I am so worn—all the miles walked on dusty roads, grit
stinging my eyes, stepping over dung, popping blistery toes,
swatting insects at night, staring at the moon,
preparing my friends for my hour . . .
until the next day, facing spectators
and telling them how marvelous You are—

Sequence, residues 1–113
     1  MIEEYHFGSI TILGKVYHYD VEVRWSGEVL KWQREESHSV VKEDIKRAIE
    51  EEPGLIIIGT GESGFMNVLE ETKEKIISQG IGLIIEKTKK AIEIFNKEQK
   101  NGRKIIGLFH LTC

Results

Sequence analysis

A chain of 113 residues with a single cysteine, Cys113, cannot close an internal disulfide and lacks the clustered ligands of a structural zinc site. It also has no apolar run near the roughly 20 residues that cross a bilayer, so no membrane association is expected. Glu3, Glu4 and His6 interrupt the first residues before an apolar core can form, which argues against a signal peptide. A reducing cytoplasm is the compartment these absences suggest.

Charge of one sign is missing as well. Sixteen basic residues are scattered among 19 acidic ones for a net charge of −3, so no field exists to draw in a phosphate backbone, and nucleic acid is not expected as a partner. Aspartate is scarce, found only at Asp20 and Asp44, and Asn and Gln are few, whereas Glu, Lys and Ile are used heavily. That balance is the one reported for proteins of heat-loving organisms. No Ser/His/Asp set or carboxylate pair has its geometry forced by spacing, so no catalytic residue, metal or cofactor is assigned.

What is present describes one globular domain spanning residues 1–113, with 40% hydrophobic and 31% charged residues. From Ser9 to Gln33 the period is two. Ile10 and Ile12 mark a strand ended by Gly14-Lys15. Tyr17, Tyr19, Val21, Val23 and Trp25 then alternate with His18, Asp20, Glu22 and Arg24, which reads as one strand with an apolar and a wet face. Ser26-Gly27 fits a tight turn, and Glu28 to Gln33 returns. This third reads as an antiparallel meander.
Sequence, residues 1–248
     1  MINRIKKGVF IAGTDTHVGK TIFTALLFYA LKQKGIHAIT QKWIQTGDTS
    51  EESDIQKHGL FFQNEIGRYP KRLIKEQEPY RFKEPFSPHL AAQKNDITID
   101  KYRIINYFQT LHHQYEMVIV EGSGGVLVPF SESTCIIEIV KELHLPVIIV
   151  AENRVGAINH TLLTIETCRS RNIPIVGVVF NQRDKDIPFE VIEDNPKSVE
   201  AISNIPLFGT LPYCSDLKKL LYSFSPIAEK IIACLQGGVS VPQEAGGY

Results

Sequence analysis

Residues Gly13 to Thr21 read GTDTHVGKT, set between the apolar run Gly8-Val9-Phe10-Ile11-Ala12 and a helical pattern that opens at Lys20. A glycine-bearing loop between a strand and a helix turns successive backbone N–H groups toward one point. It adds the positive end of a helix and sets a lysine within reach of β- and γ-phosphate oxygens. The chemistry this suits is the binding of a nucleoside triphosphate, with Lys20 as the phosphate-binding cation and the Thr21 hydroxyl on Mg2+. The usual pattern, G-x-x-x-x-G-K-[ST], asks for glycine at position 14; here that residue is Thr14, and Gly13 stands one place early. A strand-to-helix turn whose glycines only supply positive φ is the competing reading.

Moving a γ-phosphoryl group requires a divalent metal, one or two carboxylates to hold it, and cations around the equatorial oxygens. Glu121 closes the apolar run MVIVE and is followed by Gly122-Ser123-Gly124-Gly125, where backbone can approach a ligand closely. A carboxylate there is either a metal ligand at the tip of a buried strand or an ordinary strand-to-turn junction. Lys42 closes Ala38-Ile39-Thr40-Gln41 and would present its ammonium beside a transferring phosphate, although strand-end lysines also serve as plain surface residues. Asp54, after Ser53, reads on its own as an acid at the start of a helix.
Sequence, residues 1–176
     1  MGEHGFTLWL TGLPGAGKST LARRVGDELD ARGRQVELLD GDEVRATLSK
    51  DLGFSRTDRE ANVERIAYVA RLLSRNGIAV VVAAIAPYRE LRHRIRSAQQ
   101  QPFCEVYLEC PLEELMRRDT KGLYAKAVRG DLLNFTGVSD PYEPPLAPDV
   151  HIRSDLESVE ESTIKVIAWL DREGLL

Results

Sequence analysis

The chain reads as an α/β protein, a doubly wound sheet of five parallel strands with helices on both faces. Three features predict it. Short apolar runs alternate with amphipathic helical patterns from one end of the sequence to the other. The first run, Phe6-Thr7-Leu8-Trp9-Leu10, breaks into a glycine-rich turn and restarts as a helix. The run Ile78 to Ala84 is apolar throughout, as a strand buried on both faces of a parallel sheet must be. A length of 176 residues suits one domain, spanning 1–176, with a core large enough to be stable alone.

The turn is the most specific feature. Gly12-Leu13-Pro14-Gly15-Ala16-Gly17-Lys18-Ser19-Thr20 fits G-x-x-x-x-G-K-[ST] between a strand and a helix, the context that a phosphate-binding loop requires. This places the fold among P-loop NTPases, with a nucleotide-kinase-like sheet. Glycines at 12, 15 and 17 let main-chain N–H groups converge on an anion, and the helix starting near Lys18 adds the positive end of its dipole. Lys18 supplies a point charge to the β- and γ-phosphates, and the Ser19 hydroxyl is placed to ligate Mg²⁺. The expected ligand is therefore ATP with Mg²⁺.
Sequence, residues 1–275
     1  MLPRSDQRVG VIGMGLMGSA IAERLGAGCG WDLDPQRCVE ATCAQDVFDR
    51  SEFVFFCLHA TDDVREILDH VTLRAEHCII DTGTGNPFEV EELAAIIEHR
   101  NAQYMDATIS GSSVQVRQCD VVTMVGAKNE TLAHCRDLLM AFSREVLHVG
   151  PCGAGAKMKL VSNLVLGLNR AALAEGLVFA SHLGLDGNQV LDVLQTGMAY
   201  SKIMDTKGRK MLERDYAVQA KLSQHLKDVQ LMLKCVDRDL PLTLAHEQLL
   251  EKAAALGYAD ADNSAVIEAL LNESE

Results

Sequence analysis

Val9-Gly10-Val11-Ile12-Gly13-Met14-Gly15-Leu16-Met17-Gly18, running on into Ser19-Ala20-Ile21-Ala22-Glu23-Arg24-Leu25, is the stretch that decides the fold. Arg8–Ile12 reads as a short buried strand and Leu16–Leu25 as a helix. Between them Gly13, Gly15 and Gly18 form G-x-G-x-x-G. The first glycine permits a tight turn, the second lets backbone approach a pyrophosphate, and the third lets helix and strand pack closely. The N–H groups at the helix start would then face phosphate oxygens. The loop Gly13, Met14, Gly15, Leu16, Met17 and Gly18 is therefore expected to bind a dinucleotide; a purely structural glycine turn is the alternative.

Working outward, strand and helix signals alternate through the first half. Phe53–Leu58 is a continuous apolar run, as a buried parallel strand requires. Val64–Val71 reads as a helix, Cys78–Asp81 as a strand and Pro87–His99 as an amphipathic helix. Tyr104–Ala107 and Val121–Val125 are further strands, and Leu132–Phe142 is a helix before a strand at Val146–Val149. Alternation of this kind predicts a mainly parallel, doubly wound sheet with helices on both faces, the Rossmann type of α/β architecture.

the best part! Keeps me going!
Yet, I know how soon most will stiff their necks,
scowl and murmur, when I teach at the city
my Dad founded.
My Dad, surely, they will line up when I enter,
throw coats at my feet, wave hands
and branches, cheer and raise hands…
Dad, my dearest friends shall shun and deny me.
Dad, I dread it.
There must be some other way.